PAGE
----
The SCSI controller basically redirects traffic, so adding additional controller won't improve since you have no alternate controller to divert the data to. You are pretty much stuck with whatever performance you have now. I was at VM World myself, and 2 things there. 1) Those are not real world examples, those are demos. 2) Those machines were generic and if you notice only a few VM's were running, and the VM's on the servers were pretty much running by themselves, no contention. So don't take what VM Ware says for granted. They are promoting their product, and they don't want anyone to feel that their product can't live up to it's promise. VM Ware does rock, and it is best of breed, however Virtualization as a whole is NOT a good candidate for Databases, and Microsoft, Sun, nor VM Ware will admit that. They all want to sell you a product, but that product minimizes the value of performance, because it's a 90% solution. Databases work OK in a VM, but even you have to agree that it's not AS good as it could be compared to a physical box. So if performance is the ultimate goal for DB, then there has to be a compromise somewhere.

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Texiwill
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Hello,

Virtual SCSI adapters do make some things better. For example if you have a VMDK and a RDM it is generally suggested you use two different vSCSI controllers to control each and provide more 'paths' within the OS for data to travel. So in essence if your GUest OS handles these paths simultaneously then you will get some improvement. Not sure how much or if it is measurable.

But if you only have one source of storage within the hypervisor you may loose any gains. For DBs performance is based mostly on spindles and some small tweaks, etc.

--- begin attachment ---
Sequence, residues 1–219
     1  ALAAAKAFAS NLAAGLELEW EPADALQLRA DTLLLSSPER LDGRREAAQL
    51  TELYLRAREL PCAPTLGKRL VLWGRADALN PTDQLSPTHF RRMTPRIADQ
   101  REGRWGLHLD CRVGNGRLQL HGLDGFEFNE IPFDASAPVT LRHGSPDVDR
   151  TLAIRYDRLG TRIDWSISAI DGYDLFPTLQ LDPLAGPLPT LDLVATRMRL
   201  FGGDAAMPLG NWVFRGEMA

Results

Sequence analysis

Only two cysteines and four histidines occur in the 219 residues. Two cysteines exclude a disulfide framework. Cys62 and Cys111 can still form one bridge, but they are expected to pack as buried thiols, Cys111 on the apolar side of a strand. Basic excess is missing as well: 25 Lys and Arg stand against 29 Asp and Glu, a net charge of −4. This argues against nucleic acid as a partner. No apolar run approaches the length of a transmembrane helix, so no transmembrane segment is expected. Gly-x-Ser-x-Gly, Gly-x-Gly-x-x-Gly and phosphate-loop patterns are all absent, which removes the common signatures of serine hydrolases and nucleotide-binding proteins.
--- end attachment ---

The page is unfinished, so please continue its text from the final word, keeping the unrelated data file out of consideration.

Yes splitting Log, Journals, from main DB will generally help, but again it may not be measurable depending on your storage setup.


Best regards,

Edward L. Haletky

VMware Communities User Moderator

====

Author of the book 'VMWare ESX Server in the Enterprise: Planning and Securing Virtualization Servers', Copyright 2008 Pearson Education.

Blue Gears and SearchVMware Pro Blogs: http://www.astroarch.com/wiki/index.php/Blog_Roll

Top Virtualization Security Links: http://www.astroarch.com/wiki/index.php/Top_Virtualization_Security_Links

--
Edward L. Haletky
vExpert XIV: 2009-2023,
VMTN Community Moderator
vSphere Upgrade Saga: https://www.astroarch.com/blogs
GitHub Repo: https://github.com/Texiwill
larden
Contributor
Contributor

That was pretty much my logic. The main disks for OS, App and backup are all VMDK on SCSI Controller 0

Then I have 2 vRDM one for data and the other for logs, each on SCSI Controller 1 & 2 respectively. Although they are all on the same SAN, we do use multiple paths to the fabric. So this isn't a damaging or unrealistic setup?

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Texiwill
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Hello,

Multipaths will help quite a bit. No you do not have an unreasonable setup.


Best regards,

Edward L. Haletky

VMware Communities User Moderator

====

Author of the book 'VMWare ESX Server in the Enterprise: Planning and Securing Virtualization Servers', Copyright 2008 Pearson Education.

Blue Gears and SearchVMware Pro Blogs: http://www.astroarch.com/wiki/index.php/Blog_Roll

Top Virtualization Security Links: http://www.astroarch.com/wiki/index.php/Top_Virtualization_Security_Links

--
Edward L. Haletky
vExpert XIV: 2009-2023,
VMTN Community Moderator
vSphere Upgrade Saga: https://www.astroarch.com/blogs
GitHub Repo: https://github.com/Texiwill